Other drugs may interact with minocycline. Consult your doctor for specific advice if you are taking antacids, calcium supplements, cholestyramine, choline and magnesium salicylates, medicines containing iron, laxatives containing magnesium, or oral contraceptives.
Because tetracyclines have been shown to depress plasma prothrombin activity, patients who are on anticoagulant therapy may require downward adjustment of their anticoagulant dosage. Since bacteriostatic drugs may interfere with the bactericidal action of penicillin, it is advisable to avoid giving tetracycline-class drugs in conjunction with penicillin.
Absorption of tetracyclines is impaired by antacids containing aluminum, calcium or magnesium , and iron-containing preparations.
The concurrent use of tetracycline and methoxyflurane has been reported to result in fatal renal toxicity.
Concurrent use of tetracyclines with oral contraceptives may render oral contraceptives less effective.
Oral forms-- Adults and teenagers: 200 mg to start, then 100 mg, 2 times a day, or 100 to 200 mg to start, then 50 mg, 4 times a day. Children age 8 and over: 1.8 mg per lb of body weight to start, then 0.9 mg per lb 2 times a day. Injection-- Adults and teenagers: 200 mg to start, then 100 mg, 2 times a day. Children age 8 and over: 1.8 mg per lb to start, then 0.9 mg per lb, 2 times a day.
Take each dose of minocycline with a full glass of water (8 ounces). Minocycline may be taken on an empty stomach or with food or milk. Do not take iron supplements, multivitamins, calcium supplements, antacids, or laxatives within 2 hours of taking minocycline as these products may reduce the effectiveness of minocycline.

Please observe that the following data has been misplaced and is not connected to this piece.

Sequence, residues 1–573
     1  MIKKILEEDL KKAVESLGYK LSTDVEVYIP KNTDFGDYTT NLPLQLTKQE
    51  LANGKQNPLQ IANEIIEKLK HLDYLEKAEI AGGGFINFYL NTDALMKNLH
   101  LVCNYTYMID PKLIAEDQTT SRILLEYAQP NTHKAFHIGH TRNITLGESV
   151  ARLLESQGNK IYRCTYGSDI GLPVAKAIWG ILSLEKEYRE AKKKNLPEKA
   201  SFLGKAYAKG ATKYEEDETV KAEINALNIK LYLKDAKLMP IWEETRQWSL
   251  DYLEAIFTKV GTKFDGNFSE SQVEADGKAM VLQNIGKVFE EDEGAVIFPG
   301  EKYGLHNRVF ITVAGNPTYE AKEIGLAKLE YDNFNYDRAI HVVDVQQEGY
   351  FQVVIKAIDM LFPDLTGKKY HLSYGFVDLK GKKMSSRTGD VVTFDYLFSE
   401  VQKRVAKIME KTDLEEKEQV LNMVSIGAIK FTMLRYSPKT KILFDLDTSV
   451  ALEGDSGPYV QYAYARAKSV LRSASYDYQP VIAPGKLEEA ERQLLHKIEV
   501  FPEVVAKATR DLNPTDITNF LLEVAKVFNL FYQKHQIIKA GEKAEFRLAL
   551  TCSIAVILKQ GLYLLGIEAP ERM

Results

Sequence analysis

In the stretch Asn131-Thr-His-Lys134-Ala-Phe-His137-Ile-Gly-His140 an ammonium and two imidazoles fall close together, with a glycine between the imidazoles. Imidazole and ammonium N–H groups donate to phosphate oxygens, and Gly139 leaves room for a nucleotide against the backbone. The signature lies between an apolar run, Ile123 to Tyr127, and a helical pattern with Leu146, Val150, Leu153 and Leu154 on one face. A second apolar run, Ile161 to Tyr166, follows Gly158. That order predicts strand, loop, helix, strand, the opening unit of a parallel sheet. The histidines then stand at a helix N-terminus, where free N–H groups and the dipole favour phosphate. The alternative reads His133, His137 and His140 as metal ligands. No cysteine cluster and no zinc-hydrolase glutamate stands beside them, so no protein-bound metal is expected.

Minocycline and Pregnancy
Use of minocycline is not recommended during the last half of pregnancy. Tetracyclines, such as minocycline, may cause the unborn infant's teeth to become discolored and may slow down the growth of the infant's teeth and bones if they are used during that time.
Also, use of minocycline is not recommended because tetracyclines, such as minocycline, pass into breast milk. They may cause unwanted effects in the breast-fed baby. It may be necessary for you to stop breast-feeding during treatment with minocycline. Be sure you have discussed the risks and benefits of the medicine with your dentist and doctor.
DO NOT SHARE THIS MEDICINE WITH OTHERS. DO NOT USE THIS MEDICINE FOR OTHER HEALTH CONDITIONS. KEEP THIS MEDICINE OUT OF THE REACH OF CHILDREN.
This document is provided for information only. It is not a substitute for consultation with a physician, either to diagnose symptoms or prescribe treatment. Any dosages mentioned are general guidelines only, please follow the directions of your doctor or pharmacist exactly when taking medication. We have made every effort to ensure that this information is accurate, but only your doctor can say if a medication, or drug combination, is safe for you. Information intended for US residents only.
Minocycline Side Effects
Minor: Diarrhea, dizziness, headache, light-headedness, loss of appetite, nail discoloration, nausea, stomach cramps and upset, or vomiting. These side effects should disappear as your body adjusts to the medication.
Minocycline can increase your sensitivity to sunlight. You should therefore try to avoid prolonged exposure to sunlight and sunlamps. Wear protective clothing and sunglasses, and use an effective sunscreen.
If minocycline makes you feel dizzy or light-headed, sit or lie down for a while; get up from a sitting or lying position slowly; and be careful on stairs.